. * GLUE – I used a hot glue gun for the first lamp. . * VELLUM – I buy this in packs of 20 (I think) in the scrapbooking section of Hobby Lobby. . * CRAFT KNIFE OR SCISSORS, PENCIL & RULER – to trim the vellum, I used a ruler and pencil to mark the cut lines & then used a craft knife and self-healing mat to cut the vellum. That’s it! Marie Darby. Photo Negatives Lamp. CD Stack Lamp. Nighttime City Paper Lamp Shade. 'Stargazin' Our own Angelica completed a DIY project over the holidays that's positively brilliant. She writes: After a series of failed baking adventures I realized it was time for me to transfer my love for YumSugar and food magazines to CasaSugar and design magazines. In the spirit of the holidays I picked a Light Bright project from this month's Blueprint magazine.

I must admit, I'm a much better painter and craftswoman than I am a baker so the project was definitely a confidence booster. The Blueprint picture is on the left, my replica is on the right. To find out how to make your own replica, just read more What You'll Need stretched canvaspaintbrushesgroundcloth or newspapers to protect your floorpencilawlwhite twinkly tree lightscraft glue You can find the complete Blueprint directions here. Wooden Lamp Shade. Glowing Jar. Glowing Jar. UPDATE: This post originally ran on March 23 2011, but with summer winding down we wanted to bring it back up for some late summer inspiration! A fellow fp girl sent this to me a couple weeks back and i’ve been thinking about it ever since!

I can think of a million reasons why these would be awesome… as apartment décor, as outdoor party décor, and – wouldn’t they be the best thing EVER for camping in general or at a festival? Just let them sit in the sun all day, and they’ll last all night! I am absolutely going to make some to bring with me to bonnaroo this year. you can buy a sun jar here, but you can make your own for much cheaper! I am not good with technical things, like putting together a solar power cell, so i found the easy way :) what you need: a mason jar with a clear glass lid like this one from ikea, a solar garden light like the ones pictured above, which i found here, adhesive and glass frosting spray. last image.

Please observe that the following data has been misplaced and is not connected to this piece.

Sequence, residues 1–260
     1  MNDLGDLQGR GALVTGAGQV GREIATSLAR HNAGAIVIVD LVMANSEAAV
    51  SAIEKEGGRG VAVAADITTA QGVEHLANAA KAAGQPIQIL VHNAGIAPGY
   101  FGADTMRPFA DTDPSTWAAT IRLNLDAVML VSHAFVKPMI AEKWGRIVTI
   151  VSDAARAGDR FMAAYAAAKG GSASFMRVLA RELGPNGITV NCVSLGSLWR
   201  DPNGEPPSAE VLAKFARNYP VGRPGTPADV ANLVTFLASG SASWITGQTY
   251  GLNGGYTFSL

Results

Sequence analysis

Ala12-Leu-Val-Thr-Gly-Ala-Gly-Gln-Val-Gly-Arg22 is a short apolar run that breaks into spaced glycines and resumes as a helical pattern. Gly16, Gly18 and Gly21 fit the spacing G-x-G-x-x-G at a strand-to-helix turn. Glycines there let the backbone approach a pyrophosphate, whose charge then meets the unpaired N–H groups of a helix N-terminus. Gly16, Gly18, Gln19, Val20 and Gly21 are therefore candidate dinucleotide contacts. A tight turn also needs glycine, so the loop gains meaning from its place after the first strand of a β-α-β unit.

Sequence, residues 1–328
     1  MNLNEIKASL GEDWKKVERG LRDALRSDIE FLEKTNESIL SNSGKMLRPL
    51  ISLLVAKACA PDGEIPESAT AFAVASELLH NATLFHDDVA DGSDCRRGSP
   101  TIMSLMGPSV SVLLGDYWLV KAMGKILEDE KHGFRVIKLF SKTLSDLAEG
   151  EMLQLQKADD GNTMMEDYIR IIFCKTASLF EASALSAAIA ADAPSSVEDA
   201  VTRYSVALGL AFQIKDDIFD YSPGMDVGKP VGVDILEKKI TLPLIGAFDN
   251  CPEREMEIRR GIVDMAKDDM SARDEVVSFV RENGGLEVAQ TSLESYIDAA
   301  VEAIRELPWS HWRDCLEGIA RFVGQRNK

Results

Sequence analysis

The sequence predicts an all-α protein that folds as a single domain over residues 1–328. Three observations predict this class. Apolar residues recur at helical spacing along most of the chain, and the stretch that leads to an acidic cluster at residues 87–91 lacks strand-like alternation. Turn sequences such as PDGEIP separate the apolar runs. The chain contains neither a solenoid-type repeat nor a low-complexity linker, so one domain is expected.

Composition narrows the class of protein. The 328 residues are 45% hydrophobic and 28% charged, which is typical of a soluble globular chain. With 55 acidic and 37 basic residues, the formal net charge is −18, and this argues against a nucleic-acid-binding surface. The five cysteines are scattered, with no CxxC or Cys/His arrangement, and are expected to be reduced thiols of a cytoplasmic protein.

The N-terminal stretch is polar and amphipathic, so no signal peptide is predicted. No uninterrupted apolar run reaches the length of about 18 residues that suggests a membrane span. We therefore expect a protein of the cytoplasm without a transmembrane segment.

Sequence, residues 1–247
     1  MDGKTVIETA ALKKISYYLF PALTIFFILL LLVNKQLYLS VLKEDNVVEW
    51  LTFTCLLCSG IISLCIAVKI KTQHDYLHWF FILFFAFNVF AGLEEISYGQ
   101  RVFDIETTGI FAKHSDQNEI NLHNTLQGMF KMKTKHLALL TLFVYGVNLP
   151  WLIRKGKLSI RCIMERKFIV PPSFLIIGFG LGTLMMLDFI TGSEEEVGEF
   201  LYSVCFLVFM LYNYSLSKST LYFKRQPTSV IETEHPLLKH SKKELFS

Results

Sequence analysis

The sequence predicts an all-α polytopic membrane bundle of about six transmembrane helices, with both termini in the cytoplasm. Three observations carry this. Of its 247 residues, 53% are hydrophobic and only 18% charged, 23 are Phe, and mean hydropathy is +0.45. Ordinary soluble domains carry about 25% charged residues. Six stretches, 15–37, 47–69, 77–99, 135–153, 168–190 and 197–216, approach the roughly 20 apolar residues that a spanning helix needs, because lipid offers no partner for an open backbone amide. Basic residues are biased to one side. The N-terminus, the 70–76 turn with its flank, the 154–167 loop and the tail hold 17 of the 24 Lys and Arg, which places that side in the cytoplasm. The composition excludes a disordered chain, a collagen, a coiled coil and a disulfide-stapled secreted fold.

Trending on FP.com: Mason Jar Chandelier. After living for close to two years without enough live/work light I decided to make a lighting fixture. One that would meet my specific needs without costing an arm and a leg. I had long thought of putting light bulbs in the hundreds of peanut butter and applesauce jars that I had eaten my way through. I had also collected my fair share of mason jars and thought that they too could make for an inexpensive solution. In the end I chose the mason jars as they don't come with sticky and hard to remove manufactures' labels and I wouldn't have to wait until I ate my way through ten jars of Crazy Richard's chunky peanut butter.

Before I went about an actual design, I searched the web to see if anyone had built a chandelier made from mason jars or similar. I came across several do-it-your-selfers. First thing I did was to determine how much light I needed and what the electrical requirements would be. The space where I planned on having the chandelier is over my dining/art table. Tetris Lamp. Kitchen Cutlery Chandelier. Expedit 4x4 mood light. Fire & Ice Lanterns.

Soda Can Tab Small Diagonal Pendant Light.